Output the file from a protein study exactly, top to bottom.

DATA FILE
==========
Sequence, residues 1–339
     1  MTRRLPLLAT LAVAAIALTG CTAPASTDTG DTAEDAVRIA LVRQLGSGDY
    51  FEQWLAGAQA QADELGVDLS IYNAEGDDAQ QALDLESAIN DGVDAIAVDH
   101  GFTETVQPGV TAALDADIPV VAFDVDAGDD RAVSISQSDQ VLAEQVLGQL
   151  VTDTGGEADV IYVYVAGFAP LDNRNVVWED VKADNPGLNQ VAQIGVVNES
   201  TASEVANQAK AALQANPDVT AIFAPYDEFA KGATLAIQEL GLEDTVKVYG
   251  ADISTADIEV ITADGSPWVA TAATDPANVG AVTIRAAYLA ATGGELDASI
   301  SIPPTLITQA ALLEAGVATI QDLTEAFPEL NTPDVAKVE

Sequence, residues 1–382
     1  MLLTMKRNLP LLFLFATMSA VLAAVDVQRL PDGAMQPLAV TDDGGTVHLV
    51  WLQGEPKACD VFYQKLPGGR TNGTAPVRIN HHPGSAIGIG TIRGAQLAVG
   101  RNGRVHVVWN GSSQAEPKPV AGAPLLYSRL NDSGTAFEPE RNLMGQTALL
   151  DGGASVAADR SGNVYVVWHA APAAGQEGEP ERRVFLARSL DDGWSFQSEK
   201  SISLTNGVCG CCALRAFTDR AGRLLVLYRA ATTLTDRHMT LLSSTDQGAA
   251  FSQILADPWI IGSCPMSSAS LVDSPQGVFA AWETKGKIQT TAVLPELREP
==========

Sequence, residues 1–339
     1  MTRRLPLLAT LAVAAIALTG CTAPASTDTG DTAEDAVRIA LVRQLGSGDY
    51  FEQWLAGAQA QADELGVDLS IYNAEGDDAQ QALDLESAIN DGVDAIAVDH
   101  GFTETVQPGV TAALDADIPV VAFDVDAGDD RAVSISQSDQ VLAEQVLGQL
   151  VTDTGGEADV IYVYVAGFAP LDNRNVVWED VKADNPGLNQ VAQIGVVNES
   201  TASEVANQAK AALQANPDVT AIFAPYDEFA KGATLAIQEL GLEDTVKVYG
   251  ADISTADIEV ITADGSPWVA TAATDPANVG AVTIRAAYLA ATGGELDASI
   301  SIPPTLITQA ALLEAGVATI QDLTEAFPEL NTPDVAKVE

Sequence, residues 1–382
     1  MLLTMKRNLP LLFLFATMSA VLAAVDVQRL PDGAMQPLAV TDDGGTVHLV
    51  WLQGEPKACD VFYQKLPGGR TNGTAPVRIN HHPGSAIGIG TIRGAQLAVG
   101  RNGRVHVVWN GSSQAEPKPV AGAPLLYSRL NDSGTAFEPE RNLMGQTALL
   151  DGGASVAADR SGNVYVVWHA APAAGQEGEP ERRVFLARSL DDGWSFQSEK
   201  SISLTNGVCG CCALRAFTDR AGRLLVLYRA ATTLTDRHMT LLSSTDQGAA
   251  FSQILADPWI IGSCPMSSAS LVDSPQGVFA AWETKGKIQT TAVLPELREP